Unfortunately, many of the organizations working in the field of inter cultural dialogue did not successfully convey that message of co-existence to the broad public. This has mainly attracted the interest and concern of the elite. Therefore, I call for us to work collectively to widen the base of dialogue and transfer its message from the elite to the general public.

While the elite realize the importance of dialogue and speak about it regularly, the general public suffers greatly from sectarian conflicts that no one has been able to resolve. These conflicts create the perfect opportunity for demagogues to promote racial and religious discrimination in order to obtain political gains that have nothing whatsoever to do with Islam or Christianity. In fact, this runs contrary of the words of God in the Holy Qur’an:

“Those who believe (in the Qur’an), and those who follow the Jewish (scriptures), and the Christians and the Sabians,- any who believe in God and the Last Day, and work righteousness, shall have their reward with their Lord; on them shall be no fear, nor shall they grieve.” (Sura 2 “The Heifer”: 62)

God does not discriminate between Muslim, Christian and Jewish worshippers. All are equal before Him. God also set forth rules that Muslims should follow in dealing with people of other religions and doctrines:

“Let there be no compulsion in religion: Truth stands out clear from Error…” (Sura 2 “The Heifer”: 256)

Islam was determined to treat the people of the book fairly and that was spelled-out clearly in the Holy Qur’an. “Say: “O People of the Book! come to common terms as between us and you: That we worship none but God; that we associate no partners with him; that we erect not, from among ourselves, Lords and patrons other than God.” If then they turn back, say ye: “Bear witness that we (at least) are Muslims (bowing to God’s Will).” (Sura 3 “The Family of Imran”: 64) Prophet Mohamed stressed the absolute equality of all peoples regardless of their race, creed or color, in the sacred Hadith:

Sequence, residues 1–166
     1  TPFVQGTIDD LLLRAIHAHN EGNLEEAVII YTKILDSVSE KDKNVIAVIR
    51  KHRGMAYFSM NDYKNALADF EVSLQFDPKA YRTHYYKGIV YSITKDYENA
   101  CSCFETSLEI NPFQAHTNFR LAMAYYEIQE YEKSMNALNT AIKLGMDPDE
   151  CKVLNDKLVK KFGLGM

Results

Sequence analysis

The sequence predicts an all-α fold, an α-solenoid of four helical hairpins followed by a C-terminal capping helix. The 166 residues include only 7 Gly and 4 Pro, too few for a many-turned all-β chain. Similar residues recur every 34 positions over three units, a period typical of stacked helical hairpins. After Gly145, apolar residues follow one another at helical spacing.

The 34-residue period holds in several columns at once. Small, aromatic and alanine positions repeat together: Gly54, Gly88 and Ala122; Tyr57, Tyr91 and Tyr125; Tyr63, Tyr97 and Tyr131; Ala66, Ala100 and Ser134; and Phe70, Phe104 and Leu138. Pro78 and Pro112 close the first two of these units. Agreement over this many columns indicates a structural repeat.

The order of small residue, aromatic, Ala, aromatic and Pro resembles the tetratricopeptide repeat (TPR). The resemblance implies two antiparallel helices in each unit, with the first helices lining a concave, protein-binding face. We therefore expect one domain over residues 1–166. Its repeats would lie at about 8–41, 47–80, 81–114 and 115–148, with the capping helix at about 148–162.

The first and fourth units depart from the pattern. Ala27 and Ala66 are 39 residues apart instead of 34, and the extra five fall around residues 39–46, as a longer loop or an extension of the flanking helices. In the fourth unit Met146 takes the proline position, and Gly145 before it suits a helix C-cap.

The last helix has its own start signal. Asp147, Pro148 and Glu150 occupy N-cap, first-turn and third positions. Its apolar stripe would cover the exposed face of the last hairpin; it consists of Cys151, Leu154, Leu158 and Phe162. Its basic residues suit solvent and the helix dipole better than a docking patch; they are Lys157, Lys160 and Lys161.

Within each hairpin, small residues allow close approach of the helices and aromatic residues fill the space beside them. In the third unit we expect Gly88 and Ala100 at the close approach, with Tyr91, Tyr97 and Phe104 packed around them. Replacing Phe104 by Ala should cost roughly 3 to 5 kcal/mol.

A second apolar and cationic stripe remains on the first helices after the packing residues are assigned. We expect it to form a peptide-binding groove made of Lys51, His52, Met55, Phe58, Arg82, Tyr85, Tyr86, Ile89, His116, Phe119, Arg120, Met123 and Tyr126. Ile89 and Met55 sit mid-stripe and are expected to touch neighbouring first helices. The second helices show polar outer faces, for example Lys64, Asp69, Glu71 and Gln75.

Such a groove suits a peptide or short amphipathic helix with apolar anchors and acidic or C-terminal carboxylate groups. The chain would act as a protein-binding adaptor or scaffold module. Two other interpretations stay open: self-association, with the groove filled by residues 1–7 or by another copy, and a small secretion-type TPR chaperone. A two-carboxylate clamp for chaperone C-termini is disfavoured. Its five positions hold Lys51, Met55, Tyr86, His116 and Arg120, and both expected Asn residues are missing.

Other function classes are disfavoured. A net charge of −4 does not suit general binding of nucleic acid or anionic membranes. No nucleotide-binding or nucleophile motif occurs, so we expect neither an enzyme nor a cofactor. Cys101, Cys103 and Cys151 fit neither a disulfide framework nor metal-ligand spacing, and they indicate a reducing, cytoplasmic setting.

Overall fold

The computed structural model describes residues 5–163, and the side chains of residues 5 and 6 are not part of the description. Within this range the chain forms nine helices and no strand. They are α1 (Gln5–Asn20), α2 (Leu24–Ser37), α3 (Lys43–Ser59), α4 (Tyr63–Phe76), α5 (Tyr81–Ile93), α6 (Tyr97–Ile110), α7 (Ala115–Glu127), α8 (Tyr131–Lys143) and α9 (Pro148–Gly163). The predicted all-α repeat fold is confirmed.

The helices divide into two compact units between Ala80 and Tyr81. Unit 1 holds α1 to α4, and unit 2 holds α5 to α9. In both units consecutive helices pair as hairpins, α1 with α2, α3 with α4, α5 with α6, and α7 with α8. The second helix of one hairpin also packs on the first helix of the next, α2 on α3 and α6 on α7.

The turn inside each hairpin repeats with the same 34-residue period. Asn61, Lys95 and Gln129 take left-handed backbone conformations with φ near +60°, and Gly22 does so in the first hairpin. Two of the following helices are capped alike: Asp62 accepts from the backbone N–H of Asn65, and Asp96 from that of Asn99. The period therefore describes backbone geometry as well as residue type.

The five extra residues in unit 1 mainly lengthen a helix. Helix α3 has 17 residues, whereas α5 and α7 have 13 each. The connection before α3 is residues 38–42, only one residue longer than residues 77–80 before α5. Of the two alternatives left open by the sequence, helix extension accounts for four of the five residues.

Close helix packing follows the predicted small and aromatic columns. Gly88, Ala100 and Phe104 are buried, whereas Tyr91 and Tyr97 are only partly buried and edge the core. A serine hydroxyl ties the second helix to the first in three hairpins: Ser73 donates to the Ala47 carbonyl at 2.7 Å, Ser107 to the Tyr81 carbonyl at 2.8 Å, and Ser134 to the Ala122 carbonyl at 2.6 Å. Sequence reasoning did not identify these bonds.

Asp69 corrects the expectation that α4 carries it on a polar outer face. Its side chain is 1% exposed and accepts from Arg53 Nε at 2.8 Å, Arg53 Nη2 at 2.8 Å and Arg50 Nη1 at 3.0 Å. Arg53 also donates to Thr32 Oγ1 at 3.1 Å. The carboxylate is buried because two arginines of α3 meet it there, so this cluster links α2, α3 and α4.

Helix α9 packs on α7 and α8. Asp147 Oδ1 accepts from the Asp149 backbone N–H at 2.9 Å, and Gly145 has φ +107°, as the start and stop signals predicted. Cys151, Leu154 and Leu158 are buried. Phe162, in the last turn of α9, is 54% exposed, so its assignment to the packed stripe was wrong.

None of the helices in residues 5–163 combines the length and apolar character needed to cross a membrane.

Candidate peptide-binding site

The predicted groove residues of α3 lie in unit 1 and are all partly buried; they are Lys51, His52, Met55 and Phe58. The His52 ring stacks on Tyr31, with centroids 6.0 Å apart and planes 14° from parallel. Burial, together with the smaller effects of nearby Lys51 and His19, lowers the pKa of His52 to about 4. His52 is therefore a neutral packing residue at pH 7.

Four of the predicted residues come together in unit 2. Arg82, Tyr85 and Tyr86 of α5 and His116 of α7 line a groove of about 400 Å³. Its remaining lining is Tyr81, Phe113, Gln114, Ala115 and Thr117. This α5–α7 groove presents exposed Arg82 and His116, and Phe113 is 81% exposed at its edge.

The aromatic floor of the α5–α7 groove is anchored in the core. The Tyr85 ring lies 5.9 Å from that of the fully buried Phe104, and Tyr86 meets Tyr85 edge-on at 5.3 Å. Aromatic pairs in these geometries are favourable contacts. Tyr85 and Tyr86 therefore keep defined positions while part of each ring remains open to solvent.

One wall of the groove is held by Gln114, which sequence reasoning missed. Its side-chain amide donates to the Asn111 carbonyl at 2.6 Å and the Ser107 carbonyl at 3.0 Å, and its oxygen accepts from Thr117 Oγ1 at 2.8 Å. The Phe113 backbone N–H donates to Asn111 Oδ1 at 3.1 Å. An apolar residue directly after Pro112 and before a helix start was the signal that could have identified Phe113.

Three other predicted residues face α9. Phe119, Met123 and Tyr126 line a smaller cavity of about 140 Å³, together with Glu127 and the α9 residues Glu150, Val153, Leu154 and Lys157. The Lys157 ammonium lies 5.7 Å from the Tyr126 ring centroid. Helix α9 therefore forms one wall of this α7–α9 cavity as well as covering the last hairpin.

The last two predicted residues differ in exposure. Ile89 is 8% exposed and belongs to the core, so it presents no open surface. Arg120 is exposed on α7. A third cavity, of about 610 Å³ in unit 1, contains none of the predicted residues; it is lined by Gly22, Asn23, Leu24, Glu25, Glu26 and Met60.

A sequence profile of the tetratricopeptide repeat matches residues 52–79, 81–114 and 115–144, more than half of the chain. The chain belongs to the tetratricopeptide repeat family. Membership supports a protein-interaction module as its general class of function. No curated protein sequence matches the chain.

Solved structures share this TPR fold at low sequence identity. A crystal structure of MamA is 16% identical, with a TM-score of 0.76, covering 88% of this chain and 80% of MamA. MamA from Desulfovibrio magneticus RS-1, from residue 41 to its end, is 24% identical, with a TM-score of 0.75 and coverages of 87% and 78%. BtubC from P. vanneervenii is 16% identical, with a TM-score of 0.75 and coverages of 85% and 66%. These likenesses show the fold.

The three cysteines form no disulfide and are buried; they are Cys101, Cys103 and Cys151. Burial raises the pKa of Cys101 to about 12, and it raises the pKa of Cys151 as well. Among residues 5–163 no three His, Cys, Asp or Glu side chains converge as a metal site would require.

“All people, right from Adam to this day, are equal like the teeth of a comb. There is no superiority for an Arab over an non-Arab, nor for a red skinned over a black-skinned. The basis of superiority is piety and fear of God.”

Therefore, I can say in good faith that there can be

– No monopoly on faith in God

– No monopoly on the words of God

– No monopoly on the interpretation of the words of God

– No monopoly on knowing the position of any group of people with relation to God

Dangers threatening dialogue between Islam and the West

When I speak of generalizing judgments, I mean by this a situation in which some followers of a religion or group commit a mistake and the reaction is to launch an attack against all the followers of that religion, perhaps even extending the attack to the religion itself. This generalization of judgment is a grave danger to relations among people. In the Qur’an God says:

“Nor can a bearer of burdens bear another’s burdens if one heavily laden should call another to (bear) his load. Not the least portion of it can be carried (by the other). Even though he be nearly related. Thou canst but admonish such as fear their Lord unseen and establish regular Prayer. And whoever purifies himself does so for the benefit of his own soul; and the destination (of all) is to God.” (Sura 35 “The Originator”: 18)

An example of generalizing judgments is if the Taliban or Bin Laden’s followers commit violence in the name of extremist beliefs as a way to attain their targets, it would be illogical and completely unfair to generalize that all Muslims are violent extremists.

The same applies, for example, if we believe that the Catholic pope made mistakes when he spoke about his interpretations of Islamic doctrine or Prophet Mohamed. This is not a reason to generalize judgment and denounce all Christians, for not only are there Eastern Catholics who do not follow the Roman Catholic pope, there are many Roman Catholics who expressed reservations about the pope’s comments.